Ward's stepfather, who left the Army when he turned 40, got a job at the Dravo shipyard, and her mother went to a pot factory in McKees Rocks. Since so many men were fighting in World War II, jobs for women were plentiful, and it was easy for her mother to find work.

Ward, 67, still lives on the North Side, where her family first settled, living with an uncle before buying a home of their own.

Slowly, the little girl from coal-country Kentucky made her way in the big city.

She went to an integrated school. She rode the electric streetcars -- sitting wherever she liked -- and marveled at the nighttime street lights and indoor toilets.

It was all so different from segregated Kentucky. There the schools, restaurants and even the water fountains were colored or white.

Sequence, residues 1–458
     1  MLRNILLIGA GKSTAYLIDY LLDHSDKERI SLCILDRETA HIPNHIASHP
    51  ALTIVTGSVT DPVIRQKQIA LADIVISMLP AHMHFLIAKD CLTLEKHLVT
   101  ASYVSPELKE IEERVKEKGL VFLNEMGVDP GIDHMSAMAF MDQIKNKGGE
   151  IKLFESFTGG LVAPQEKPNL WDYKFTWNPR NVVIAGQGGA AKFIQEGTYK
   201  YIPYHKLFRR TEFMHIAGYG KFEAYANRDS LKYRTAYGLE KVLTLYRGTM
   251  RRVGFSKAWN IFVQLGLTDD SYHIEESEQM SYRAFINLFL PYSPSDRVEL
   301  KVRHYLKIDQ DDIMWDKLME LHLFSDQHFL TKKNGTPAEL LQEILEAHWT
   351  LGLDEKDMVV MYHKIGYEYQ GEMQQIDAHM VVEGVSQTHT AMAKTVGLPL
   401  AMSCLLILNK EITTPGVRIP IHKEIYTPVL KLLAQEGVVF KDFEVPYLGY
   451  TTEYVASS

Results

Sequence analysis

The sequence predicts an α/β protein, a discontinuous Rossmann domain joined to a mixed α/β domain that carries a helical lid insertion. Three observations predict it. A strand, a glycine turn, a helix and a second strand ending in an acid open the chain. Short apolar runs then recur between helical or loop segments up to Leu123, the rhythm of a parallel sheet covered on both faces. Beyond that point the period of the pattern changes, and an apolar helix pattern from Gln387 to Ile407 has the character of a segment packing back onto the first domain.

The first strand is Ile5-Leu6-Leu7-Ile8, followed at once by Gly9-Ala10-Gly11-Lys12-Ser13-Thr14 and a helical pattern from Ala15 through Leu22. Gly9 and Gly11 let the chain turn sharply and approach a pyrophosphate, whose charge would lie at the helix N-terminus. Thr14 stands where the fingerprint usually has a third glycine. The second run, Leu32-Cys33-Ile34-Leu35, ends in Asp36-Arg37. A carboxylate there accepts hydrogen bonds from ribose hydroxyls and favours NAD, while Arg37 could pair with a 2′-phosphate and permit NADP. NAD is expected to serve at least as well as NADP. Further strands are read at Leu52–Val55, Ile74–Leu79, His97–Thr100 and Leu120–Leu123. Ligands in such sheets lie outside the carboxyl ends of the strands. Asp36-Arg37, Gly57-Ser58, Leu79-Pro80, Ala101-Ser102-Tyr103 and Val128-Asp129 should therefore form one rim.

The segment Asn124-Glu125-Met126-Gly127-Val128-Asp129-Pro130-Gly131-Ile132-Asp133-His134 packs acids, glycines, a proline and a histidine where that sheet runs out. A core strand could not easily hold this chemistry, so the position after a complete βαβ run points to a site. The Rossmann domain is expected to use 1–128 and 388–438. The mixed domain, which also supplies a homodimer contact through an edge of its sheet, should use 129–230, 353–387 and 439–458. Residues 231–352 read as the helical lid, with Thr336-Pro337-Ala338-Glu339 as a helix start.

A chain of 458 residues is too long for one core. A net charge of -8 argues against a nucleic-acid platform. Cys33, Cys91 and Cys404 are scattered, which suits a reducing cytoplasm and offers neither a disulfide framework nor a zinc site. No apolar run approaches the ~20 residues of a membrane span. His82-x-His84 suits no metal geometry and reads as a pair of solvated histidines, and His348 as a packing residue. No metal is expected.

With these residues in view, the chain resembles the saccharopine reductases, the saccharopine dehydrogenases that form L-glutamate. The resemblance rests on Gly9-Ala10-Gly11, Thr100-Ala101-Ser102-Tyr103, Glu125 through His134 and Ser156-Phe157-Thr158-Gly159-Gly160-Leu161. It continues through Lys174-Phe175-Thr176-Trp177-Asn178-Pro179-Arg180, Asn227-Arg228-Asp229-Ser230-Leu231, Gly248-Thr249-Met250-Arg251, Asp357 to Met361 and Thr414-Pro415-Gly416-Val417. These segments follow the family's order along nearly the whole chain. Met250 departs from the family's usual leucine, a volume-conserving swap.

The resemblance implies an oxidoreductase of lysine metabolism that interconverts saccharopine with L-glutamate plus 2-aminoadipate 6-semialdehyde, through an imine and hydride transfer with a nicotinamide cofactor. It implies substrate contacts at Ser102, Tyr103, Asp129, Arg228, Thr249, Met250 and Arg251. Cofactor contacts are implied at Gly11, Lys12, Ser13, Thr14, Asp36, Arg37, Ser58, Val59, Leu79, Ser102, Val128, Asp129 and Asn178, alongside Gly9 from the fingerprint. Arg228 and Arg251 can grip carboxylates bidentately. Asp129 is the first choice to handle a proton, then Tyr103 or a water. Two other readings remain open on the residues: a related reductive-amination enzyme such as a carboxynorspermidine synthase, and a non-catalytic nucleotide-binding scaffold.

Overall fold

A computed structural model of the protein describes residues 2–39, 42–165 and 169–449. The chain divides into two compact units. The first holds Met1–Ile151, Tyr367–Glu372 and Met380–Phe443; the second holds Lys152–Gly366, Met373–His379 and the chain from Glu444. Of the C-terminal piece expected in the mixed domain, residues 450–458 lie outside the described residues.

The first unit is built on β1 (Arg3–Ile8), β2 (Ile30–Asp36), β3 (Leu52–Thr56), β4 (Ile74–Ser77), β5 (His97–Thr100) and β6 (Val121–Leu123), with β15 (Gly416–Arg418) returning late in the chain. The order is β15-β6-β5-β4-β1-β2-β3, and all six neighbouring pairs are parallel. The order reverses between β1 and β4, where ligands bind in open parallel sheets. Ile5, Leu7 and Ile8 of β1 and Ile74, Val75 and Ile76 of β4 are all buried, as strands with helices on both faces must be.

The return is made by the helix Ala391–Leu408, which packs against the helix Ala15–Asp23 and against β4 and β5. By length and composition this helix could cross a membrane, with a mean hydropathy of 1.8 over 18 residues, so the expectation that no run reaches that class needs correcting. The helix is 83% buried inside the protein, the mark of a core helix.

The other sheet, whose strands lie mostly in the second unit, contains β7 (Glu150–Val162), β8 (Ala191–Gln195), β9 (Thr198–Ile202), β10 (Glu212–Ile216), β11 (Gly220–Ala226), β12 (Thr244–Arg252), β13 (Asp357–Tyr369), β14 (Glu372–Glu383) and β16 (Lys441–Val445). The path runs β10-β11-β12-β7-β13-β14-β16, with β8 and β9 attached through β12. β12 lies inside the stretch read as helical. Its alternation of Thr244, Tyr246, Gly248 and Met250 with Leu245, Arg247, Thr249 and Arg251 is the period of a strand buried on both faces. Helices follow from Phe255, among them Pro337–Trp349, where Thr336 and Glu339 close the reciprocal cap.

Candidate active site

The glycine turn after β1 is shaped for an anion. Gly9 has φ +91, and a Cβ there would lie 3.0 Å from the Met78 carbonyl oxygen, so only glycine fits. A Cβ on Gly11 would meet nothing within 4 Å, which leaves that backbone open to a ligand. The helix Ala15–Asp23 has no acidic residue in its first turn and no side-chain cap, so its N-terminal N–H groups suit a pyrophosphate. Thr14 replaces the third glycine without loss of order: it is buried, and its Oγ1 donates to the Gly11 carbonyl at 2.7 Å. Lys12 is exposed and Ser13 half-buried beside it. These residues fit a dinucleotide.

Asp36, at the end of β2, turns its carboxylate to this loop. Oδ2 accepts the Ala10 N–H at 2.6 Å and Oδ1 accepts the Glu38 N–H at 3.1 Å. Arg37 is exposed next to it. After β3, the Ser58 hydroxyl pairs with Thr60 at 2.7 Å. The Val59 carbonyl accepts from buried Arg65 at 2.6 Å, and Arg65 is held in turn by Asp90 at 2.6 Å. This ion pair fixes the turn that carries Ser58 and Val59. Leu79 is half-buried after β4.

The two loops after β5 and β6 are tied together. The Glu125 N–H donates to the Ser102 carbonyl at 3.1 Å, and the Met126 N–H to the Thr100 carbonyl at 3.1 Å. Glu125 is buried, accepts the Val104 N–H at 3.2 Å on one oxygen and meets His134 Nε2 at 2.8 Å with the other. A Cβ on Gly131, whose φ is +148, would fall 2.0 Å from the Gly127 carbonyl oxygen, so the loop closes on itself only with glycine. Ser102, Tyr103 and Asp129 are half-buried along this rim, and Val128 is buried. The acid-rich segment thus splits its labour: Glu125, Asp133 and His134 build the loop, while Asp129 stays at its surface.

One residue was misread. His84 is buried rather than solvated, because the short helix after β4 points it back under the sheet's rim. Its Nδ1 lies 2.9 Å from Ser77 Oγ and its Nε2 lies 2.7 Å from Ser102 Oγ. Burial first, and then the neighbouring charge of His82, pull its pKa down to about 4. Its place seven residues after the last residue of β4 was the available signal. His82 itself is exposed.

Ruth Ward, 67, of the North Side still has vivid memories of making the transition from coal-country Kentucky to urban Pittsburgh. (Robin Rombach, Post-Gazette)

Even as a child, a bus ride revealed a divided society.

"We all got on the bus one day," said Ward, speaking of her aunt and cousins. "They all went to the back, and I decided I just didn't want to go." At the time, Ward didn't understand why, but a stern look from her aunt meant she dare not rebel.

In Lynch, eight people had lived with her in a two-story, four-room wood-frame house. Upstairs, the bedrooms were divided by blankets and sheets that hung across the walls. The outhouse resided on top of a hill behind their home, and anyone who needed it had to make the long climb.

Still, city life in post-Depression America wasn't without its stings.

Sent to the corner store on errands, Ward recalled that war rations limited what she could bring home.